January 3, 2018 // By Paul Grizzaffi
While at a previous job, I was invited to an automation meeting by three product development managers and their leader, the VP of product development. It was a rather uncomfortable meeting because I’d underestimated an aspect of our relationship; I wrote a bit about that here.
Underestimation aside, there was an unexpected subtopic brought up during the meeting: automation wasn’t finding any bugs. The opinion of the development leadership was that the automation effort had been of little value because it found no bugs. I was astounded that the sole value assigned to automation was whether or not it found bugs; automation provides other value as well.
First, let’s think about when automation is most likely to find bugs: upon automation’s creation and upon breaking code changes. Why? Here are some scenarios:
- The product or feature being tested is new as well; with new software comes new bugs
- The product or feature being tested is being modified; bugs here too
- New automation is being created and the automation is performing activities with the product that are not exactly what a human was previously performing; humans and machines are different entities, at least of this writing
This begs the question “did we automate the wrong thing?”; after all, we weren’t finding bugs. A better question, though, is this: based on the organization’s goal, did we automate the activity that seemed to be the most valuable at that time? In this case, yes, we did.
Part of the product organization’s desire to automate was to move to a more frequent release cadence; they determined automation would help with that. Specifically, the test team chose smoke testing as the initial target. The definition we used for “smoke testing suite” was “a set of scripts that ran in a reasonable amount of time and checked that the system was not egregiously broken”; in other words, we wanted to know if the core features of the product could work, but we didn’t want to wait forever to know.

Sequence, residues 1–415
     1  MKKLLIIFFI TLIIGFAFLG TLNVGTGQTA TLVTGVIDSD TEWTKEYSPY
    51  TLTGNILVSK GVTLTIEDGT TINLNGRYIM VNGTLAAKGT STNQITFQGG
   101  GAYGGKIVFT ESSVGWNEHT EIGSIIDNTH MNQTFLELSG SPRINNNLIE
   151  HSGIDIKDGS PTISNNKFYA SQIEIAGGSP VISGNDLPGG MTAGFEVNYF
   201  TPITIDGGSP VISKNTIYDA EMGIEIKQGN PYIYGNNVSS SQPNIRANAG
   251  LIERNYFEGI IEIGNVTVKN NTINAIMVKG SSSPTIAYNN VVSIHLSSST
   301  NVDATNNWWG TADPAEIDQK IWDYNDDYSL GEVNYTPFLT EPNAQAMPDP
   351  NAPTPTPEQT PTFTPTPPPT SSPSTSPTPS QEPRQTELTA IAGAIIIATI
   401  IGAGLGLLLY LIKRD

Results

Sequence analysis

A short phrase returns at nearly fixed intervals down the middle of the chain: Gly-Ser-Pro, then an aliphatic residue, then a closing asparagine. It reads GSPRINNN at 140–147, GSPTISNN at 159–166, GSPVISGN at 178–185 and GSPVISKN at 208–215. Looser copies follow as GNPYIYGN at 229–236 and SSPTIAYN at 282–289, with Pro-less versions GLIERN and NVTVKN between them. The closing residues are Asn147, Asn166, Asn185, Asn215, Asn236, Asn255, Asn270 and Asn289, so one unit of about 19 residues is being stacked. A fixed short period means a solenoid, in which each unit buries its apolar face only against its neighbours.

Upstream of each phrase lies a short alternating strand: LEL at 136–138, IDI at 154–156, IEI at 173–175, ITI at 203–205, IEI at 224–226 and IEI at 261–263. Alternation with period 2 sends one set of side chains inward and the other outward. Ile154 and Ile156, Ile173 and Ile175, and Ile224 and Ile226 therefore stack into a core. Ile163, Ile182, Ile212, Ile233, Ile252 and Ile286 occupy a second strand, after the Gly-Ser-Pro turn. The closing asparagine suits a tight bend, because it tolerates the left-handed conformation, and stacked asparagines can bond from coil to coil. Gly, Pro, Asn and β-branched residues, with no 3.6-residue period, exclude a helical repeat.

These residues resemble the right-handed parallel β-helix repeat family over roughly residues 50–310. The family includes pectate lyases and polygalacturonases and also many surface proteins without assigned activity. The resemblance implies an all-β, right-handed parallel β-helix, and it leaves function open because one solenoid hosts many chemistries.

Now, let’s think about when we usually execute our automation: when there is a change in the application that is being tested. My talk on periodic automation notwithstanding, most teams do not execute their automation on an application that “hasn’t changed”. If the automation is written to check against code that’s not change frequently, then the likelihood of finding a bug is rather low.
Back to the issue at hand: why wasn’t the automation finding bugs? The answer to this question has several parts:
- The product was mature and many of the core features did not change frequently
- The developers proceeded with extra care when modifying these features
- The pesticide paradox
While it’s true the automation didn’t find any bugs, I submit that it was not valueless. It enabled the delivery teams to proceed faster and therefore aided in achieving the ultimate goal of a more rapid release cadence.
It’s important for us to not get hung up on a single value proposition for our automation. Automation provides value in multiple forms including bug finding (especially regressions), increased pace, and increased coverage. We should keep in mind our ultimate goals and use our tools as appropriate to achieve those goals.